Two senior MPs were paid several crore Rupees in undisclosed legal retainer contracts over several years by Reliance Industries, raising questions of transparency and potential for conflict despite being completely legal, reported the UK’s Financial Times on its frontpage this morning.
Senior Congress politician and ex-broadcasting minister Manish Tewari and senior BJP politician Ravi Shankar Prasad were both paid monthly retainers respectively by Reliance and Reliance affiliate Fine Tech Corporate, which were not disclosed to the public by the company or the politicians.
A large number of Indian parliamentarians have flourishing and lucrative legal practices as counsel and are in high demand by corporates for their legal advice. However, according to two experts from thinktanks and academia interviewed by the FT, undisclosed retainers of this nature raised a “very serious problem” of transparency, while in the US such contracts would be banned and under UK law would be permitted only if disclosed to avoid any conflicts of interest.
According to documents seen by the FT, Prasad sent Fine Tech Corporate an invoice for legal services of Rs 84 lakh ($135,506) between April 2013 and March 2014, before he was appointed Narendra Modi’s telecoms minister in May 2014.
According to the FT, Tewari received a total of Rs 1.2 crore ($193,580) from Reliance between June 2010 and 2012 via a monthly legal services retainer, which he asked to be renewed at his request for two years in June 2012, receiving a further Rs 1.44 crore ($232,295). He became information and broadcasting minister on 28 October 2012, but told the Times of India that he surrendered his licence to practice and the Reliance contract two days later.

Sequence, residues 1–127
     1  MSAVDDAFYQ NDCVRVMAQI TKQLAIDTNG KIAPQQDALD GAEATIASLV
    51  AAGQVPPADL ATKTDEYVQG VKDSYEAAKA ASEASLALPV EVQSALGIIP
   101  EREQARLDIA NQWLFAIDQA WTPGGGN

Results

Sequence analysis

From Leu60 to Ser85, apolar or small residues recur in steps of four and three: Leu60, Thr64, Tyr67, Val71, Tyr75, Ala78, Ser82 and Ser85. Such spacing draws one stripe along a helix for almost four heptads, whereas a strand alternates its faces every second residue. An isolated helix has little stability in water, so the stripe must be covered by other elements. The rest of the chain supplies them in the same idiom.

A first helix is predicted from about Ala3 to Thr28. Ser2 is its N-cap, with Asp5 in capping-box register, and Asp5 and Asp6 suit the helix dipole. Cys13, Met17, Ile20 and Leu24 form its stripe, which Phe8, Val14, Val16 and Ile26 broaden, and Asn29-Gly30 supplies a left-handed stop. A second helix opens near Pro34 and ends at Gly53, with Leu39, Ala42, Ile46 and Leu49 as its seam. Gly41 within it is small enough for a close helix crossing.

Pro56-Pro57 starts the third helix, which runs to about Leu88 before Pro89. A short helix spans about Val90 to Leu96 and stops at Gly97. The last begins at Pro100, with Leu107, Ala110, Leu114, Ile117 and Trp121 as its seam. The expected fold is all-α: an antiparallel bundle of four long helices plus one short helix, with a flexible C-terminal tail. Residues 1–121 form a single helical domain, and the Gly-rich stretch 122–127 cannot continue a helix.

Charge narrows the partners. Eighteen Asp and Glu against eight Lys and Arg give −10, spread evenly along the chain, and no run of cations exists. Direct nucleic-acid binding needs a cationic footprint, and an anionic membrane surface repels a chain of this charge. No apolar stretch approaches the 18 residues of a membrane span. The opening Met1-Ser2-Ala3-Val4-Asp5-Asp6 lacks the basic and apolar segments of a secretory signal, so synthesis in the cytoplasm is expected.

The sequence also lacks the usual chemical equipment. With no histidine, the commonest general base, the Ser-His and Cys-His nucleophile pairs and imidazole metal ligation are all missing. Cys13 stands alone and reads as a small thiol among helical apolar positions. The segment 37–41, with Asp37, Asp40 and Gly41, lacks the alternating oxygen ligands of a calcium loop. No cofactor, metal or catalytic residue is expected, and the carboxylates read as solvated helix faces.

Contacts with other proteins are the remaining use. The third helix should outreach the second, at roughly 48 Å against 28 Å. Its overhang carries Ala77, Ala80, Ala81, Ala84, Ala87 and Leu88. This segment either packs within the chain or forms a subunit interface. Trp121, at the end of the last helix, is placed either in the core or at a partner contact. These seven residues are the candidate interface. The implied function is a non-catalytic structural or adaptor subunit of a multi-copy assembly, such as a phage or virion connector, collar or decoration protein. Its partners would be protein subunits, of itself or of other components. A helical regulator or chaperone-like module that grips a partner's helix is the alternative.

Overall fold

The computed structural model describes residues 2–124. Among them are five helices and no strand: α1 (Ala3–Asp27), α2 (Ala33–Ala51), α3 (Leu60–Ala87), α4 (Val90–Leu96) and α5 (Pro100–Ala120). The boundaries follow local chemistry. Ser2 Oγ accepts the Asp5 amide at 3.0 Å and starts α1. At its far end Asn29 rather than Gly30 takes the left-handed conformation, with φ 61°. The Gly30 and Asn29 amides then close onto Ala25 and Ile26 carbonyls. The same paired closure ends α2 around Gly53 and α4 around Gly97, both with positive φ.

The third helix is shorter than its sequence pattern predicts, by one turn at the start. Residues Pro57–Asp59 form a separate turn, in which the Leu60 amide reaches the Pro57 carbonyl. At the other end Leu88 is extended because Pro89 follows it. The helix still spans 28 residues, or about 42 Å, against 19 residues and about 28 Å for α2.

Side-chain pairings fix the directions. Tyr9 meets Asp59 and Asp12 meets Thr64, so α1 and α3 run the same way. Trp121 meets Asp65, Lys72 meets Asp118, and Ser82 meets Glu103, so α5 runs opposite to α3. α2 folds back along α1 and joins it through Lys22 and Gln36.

Prasad and Tewari told the FT that they, as required under the ministerial code, had not done any commercial legal work while ministers but Prasad noted that he had undertaken legal work as an MP “purely in professional capacity, only like a lawyer and client and nothing else”, while Tewari told the FT that although he had complied with the rules, regulations should be changed to ensure such retainers were declared in future “to keep everything above board”.
Reliance told FT in a statement: “RIL has large and varied demands for legal assistance. We work with various lawyers from time to time for such legal assistance. The details of such engagement are contained in our accounts and are available with tax authorities. Several eminent lawyers in India are and have historically been in active politics and have been rendering legal services to leading corporates in India. There is no bar against an elected representative to continue his or her practice while being an MP or MLA. Our selection of lawyers is basis [sic] our needs and their expertise and that has nothing to do with their being in politics or being MP/MLA. As is the common practice and legal requirement, when such an MP/MLA has joined as a Minister in the Union Cabinet, the engagement discontinues. Communication with lawyers are privileged and are protected by the law.”
Coincidentally, the Aam Aadmi Party (AAP) raised the issue yesterday independently, reported PTI